We hardly left Barnersville when we came upon the first rebel check point. Already, they might have gotten their first catch for the day. A man about 30 or 40 years old was stripped to his under pants and tied up like a goat being readied for slaughter. Hands tied behind his back with one elbow touching the other, he wailed in pains asking whoever he could recognize in the queue to plea for him. He stood in a pool formed by his blood and begged to be spared. His cries and plea of innocence were like music in the ears of the rebels. They walked along the long winded queue we have formed believing that they had some magical power that enabled them to identify Krahns, Mandingos, former government soldiers, government employees… to be killed. As they sniffed us for a prey, they took away our personal belongings and even things we had on. One of them just about my size unbuckled my belt and pulled it off my waist as if I was only a custodian of his property. You could tell that he had not had a bath for days if not weeks. He smelled like a fish that has been dead for days and left unnoticed along the roadside. Saye, the Mano boy who was leading us lifted up his eyes to me with a smile to assure me that it was only a belt and I had no cause to fear for my life. This was just a prelude to the way our rights would dissipate for the years ahead in the hands of rebels who have been programmed to kill, rob, and destroy.

From there onwards, each checkpoint presented new difficulties, risks, humiliation, and more sufferings. And there were so many of them. Saye was up to the task. Speaking his vernacular to his fellow tribesmen and women and pleading on our behalf. They had all the reasons in the World to kill us but Saye was unrelenting. At some checkpoints, he wept profusely begging that our lives be spare. My uncle who was traveling along with us was another major target of those flesh eating rebels. He had been working in the Liberian government since he graduated from high school some thirty years back. They were suspecting him as a former military officer for which they ruled that he had to die. That meant all of us needed to go along as killing one member of a family was not enough for rebels. Other family members that were left would possibly take revenge so killing Uncle Cheah meant killing all of us. Besides, harboring or not pointing out someone whom the rebel movement thinks had to be killed was as grievous as being a member of the rebel condemned tribes or groups.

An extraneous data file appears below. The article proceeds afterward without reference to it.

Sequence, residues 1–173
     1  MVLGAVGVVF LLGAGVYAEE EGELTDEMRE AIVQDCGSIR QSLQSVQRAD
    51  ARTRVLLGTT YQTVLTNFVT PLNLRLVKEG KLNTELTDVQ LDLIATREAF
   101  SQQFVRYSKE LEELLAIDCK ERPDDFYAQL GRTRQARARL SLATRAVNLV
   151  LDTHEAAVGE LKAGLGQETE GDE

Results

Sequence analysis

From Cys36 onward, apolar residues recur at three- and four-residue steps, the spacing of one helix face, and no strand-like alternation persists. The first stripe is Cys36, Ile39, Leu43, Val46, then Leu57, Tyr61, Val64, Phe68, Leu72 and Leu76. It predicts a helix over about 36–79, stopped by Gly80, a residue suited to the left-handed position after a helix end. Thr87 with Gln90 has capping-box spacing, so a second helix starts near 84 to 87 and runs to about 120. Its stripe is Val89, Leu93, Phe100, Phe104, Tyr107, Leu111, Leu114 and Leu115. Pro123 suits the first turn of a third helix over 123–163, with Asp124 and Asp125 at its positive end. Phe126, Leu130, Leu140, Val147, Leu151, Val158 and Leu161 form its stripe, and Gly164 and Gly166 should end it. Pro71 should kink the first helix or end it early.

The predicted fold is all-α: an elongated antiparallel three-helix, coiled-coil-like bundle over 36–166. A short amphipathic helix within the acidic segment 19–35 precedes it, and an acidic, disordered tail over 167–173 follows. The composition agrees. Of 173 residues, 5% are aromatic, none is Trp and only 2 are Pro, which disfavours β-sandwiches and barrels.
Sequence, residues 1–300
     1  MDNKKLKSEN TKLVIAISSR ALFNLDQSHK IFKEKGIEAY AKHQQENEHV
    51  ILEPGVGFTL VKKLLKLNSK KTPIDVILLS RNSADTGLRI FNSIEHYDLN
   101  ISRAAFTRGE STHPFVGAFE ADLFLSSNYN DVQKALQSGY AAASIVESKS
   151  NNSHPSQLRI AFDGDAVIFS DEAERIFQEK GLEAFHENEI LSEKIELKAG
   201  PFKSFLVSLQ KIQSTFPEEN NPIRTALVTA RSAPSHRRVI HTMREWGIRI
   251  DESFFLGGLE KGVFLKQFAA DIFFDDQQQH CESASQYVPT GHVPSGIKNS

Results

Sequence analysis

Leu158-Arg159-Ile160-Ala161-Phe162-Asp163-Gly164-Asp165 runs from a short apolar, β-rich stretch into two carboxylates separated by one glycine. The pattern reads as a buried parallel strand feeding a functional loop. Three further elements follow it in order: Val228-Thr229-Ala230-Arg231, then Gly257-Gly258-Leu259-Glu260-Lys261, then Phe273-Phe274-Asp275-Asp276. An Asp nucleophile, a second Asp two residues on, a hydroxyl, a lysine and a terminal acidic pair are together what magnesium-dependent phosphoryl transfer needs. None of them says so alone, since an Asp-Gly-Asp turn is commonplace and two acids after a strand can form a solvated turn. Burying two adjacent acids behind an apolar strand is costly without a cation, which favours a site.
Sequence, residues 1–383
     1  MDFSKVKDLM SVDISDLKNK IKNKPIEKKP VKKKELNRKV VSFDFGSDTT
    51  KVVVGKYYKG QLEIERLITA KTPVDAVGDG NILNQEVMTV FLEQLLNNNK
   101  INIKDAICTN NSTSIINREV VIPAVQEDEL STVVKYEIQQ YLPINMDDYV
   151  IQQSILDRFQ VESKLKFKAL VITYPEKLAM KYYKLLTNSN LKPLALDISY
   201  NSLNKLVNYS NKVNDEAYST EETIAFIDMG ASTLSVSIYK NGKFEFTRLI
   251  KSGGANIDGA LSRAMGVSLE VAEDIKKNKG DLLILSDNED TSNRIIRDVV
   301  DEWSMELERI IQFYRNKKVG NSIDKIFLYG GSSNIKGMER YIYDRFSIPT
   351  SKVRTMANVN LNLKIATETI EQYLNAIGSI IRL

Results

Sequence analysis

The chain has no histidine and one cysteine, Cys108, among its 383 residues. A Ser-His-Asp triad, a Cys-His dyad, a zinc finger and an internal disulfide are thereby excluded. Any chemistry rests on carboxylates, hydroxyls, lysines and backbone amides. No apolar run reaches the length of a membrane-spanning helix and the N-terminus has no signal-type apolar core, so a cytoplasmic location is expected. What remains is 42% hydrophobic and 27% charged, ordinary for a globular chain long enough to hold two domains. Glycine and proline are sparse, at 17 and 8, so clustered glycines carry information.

Checkpoint after check point, the situation grew worse. Somewhere we were judged as Krahns, elsewhere as new army recruits on AWOL, or family members of those who had been “enjoying.” All these meant death and he rebels were eager to execute. When they said their gun has not eaten, they wanted to kill civilians so they made up every lie imaginable to feed their weapons.

It took us all day to see the oil palm plantation that borders the University of Liberia Fendell Campus where we first heard food distribution was going on and that once we got there, all our troubles were over. We could stay there as long as we wanted to allow the NPFL time to kill the president and finish the war. As soon as their leader took power, normalcy would return and we would return home walking on clouds. Well, if a rebel told you that the sun was up and the weather was fine, you needed an umbrella to protect yourself from the rain. Lie is a rebel’s middle name. Even their leaders use lies and deceit to keep them fighting and their support coming.

By the time we got to the Fendell Campus, we were exhausted, hungry and above all, we hated the rebels with all our senses. Those rebels and the people behind the killing spree we have come to know as the National Patriotic Front of Liberia were all bunches of heartless criminals driven by revenge and a thirst for power and wealth. But this was just the road to Fendell, day one in Liberian uncivil war 101.